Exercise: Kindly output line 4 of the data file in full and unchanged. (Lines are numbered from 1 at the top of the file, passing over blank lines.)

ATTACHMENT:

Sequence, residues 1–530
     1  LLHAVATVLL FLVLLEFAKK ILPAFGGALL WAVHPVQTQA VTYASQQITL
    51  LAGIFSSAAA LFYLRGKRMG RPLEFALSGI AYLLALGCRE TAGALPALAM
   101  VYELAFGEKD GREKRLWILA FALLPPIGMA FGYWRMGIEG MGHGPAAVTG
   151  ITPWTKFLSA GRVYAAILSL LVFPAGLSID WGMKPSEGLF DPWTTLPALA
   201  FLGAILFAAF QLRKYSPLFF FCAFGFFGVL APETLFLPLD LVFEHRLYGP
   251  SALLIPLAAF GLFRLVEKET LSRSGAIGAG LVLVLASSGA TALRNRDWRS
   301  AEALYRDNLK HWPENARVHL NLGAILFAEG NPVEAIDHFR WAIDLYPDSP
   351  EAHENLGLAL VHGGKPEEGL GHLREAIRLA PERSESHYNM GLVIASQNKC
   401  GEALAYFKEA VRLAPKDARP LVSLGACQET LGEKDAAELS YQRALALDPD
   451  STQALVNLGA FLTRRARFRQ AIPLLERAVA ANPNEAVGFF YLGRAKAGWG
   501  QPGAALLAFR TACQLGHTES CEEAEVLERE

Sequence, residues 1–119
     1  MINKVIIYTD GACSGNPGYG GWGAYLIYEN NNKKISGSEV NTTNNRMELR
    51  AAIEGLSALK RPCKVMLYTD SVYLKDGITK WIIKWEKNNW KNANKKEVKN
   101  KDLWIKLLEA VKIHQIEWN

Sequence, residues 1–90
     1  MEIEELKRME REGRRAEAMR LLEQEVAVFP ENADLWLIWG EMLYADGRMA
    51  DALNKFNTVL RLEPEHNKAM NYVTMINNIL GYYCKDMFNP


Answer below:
   101  VYELAFGEKD GREKRLWILA FALLPPIGMA FGYWRMGIEG MGHGPAAVTG